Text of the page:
But now, Curtis, 44, can be famous for something else. He faces up to 15 years in prison after being convicted Friday of touching teenage girls. Loser.

I wonder if he did that for his grandma too.

Thursday, August 15, 2013

I can't get on board with this whole 'rooting for draft position' thing

It's my understanding that a lot of the cool White Sox fans are rooting for the team to lose these days, hoping to secure a more favorable draft pick for next June.

In my world, such a thought process is stupid.

Folks, this isn't the NBA. This isn't the NFL. LeBron James (pictured) will not be awarded to the MLB team that finishes with the sorriest record in the league. Andrew Luck is also not available, nor is .133-hitting uberprospect Mike Olt.

You see, the baseball draft is a complete crapshoot. It is less predictable and more volatile than drafts in other sports.

Los Angeles Angels outfielder Mike Trout, aka the best young player in the game today, was selected 25th overall in his draft year. Chris Sale, the best young player on the White Sox roster, was chosen 13th overall in 2010. That goes to show you do not need to be drafting in the top 10 to get All-Star talent.

It's also true that the overall No. 1 pick is no sure thing. The Tampa Bay Rays have a track record of drafting quality players and stocking their MLB roster with homegrown talent, but ask them how that No. 1 overall selection of Tim Beckham in 2008 is working out for them. Five years later, Beckham still hasn't seen the bigs and is toiling at Triple-A Durham for a third straight season.

People need to understand, in baseball, you are not assured of getting any sort of franchise savior by securing the top pick or the second overall pick. I'm not going to root for the White Sox to land in a certain draft position, because I have no idea what I'm going to be getting when the Sox finally do make their first-round selection next June.

I'd much rather cheer for the guys who are currently on the team, especially younger players like Sale, Jose Quintana, Hector Santiago, Andre Rienzo, Avisail Garcia, Gordon Beckham, Dayan Viciedo, Josh Phegley Addison Reed and Nate Jones. These are the guys who are still going to be around once GM Rick Hahn finishes the veteran purge that's going on right now. You want them to finish out the season strong, so they have a good feeling going into next year.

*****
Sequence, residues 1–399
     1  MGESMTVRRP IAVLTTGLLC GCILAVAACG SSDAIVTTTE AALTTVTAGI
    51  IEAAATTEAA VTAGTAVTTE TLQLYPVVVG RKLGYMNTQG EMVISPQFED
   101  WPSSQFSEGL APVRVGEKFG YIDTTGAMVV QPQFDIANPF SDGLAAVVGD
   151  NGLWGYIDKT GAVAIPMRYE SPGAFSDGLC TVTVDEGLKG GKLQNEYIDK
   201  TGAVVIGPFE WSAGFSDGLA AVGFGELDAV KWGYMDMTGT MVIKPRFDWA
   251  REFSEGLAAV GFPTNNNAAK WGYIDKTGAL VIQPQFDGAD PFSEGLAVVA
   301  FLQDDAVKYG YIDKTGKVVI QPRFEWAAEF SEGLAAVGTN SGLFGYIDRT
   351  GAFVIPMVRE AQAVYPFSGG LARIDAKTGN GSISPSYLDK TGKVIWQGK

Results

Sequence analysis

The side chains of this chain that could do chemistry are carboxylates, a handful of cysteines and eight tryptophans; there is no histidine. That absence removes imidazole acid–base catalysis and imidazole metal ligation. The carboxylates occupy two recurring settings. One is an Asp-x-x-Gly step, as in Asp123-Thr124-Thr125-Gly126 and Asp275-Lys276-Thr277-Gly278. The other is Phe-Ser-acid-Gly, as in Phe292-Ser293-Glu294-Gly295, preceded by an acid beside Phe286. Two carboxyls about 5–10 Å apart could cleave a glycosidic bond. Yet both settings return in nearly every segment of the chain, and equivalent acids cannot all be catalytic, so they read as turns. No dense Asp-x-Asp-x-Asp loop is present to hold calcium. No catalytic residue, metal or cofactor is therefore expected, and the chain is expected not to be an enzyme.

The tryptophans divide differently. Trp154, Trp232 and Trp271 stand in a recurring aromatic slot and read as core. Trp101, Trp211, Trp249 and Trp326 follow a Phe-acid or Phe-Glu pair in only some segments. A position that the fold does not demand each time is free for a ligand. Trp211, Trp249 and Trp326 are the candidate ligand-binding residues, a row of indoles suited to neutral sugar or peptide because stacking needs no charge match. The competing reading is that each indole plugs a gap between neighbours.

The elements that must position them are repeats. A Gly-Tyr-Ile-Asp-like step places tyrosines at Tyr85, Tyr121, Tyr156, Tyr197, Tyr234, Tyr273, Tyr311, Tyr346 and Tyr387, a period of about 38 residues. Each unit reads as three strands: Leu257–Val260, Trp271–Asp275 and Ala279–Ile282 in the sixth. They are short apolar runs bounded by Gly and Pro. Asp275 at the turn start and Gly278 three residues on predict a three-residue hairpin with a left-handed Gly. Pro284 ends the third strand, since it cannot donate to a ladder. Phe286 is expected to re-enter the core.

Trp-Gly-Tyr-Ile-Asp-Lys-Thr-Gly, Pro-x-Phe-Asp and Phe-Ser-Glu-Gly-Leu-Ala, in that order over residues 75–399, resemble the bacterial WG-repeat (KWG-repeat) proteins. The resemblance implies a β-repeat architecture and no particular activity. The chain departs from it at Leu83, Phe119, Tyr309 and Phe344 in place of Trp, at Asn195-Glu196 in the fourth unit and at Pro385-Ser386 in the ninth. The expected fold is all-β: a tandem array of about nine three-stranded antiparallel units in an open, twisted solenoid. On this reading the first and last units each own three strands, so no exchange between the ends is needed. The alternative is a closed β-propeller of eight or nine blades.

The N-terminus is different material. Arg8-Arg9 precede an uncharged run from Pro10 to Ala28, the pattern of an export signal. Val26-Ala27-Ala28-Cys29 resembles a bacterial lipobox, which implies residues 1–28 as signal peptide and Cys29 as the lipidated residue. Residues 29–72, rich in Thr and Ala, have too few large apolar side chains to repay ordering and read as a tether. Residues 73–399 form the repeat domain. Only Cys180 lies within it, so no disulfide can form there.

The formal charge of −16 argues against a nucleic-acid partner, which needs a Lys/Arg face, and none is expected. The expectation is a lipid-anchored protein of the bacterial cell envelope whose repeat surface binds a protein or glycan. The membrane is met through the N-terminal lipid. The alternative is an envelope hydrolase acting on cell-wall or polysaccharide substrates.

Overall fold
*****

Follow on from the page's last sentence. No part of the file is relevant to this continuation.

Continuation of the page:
Take a look at the last White Sox team to finish in last place. You have to go all the way back to 1989, but understanding what that team did can be constructive. That season, the Sox were a godawful 32-56 at the All-Star break. But the second half of the season, they played much better. They went 37-36 after the break. Young players learned some things about playing in the big leagues. They finished with just 69 wins, but guys improved their games and came back the next season with the right attitude. In 1990, the Sox went 94-68.

Now, I don't expect the Sox to bounce back and win 94 next season. However, a good finish over the next 43 games can set the table for a much more competitive year in 2014. Personally, that's what I'm going to root for. I see no point to cheering for some nameless, faceless future draft pick. There will be plenty of time to root on that individual, whoever he may be, once that player joins the Sox organization next summer.

Tuesday, August 13, 2013

Paul Konerko's future: The speculation mounts

The White Sox have 45 games left in the 2013 season. The question is, are there 45 games remaining in Paul Konerko's fine career on the South Side of Chicago as well?

Nobody knows for sure, but the beat writers and columnists are starting to speculate. Gordon Beckham was asked Monday about filling the clubhouse leadership void if Konerko either retires or signs with another team this offseason. The Sox second baseman didn't want to address the possibility of Konerko's departure.

“If Paul wants to play, he’ll play,” Beckham said. “Obviously that’s a decision for him after the season. He’s got a lot more left in the tank, so I wouldn’t rule him out of playing next year. If he doesn’t, we’ll cross that bridge when we come to it. But I think he’s got a while yet.”

But does he? One of the more painful things about being a baseball fan is watching a player who has been good for a long time struggle or hang on too long in the twilight of a brilliant career. Sox fans went through it in the early 1990s with Carlton Fisk. The Sox ended up releasing the future Hall of Famer in June of 1993 because the proud catcher couldn't admit to himself that he was done.

This season, we've seen a steep decline in Konerko's production. The lifetime .281 hitter is batting just .243. Over the course of Konerko's career, his 162-game averages have been 31 home runs and 100 RBIs. This season, he has but 9 home runs and 40 RBIs. His OPS is a career-worst .664, well below his career mark of .850.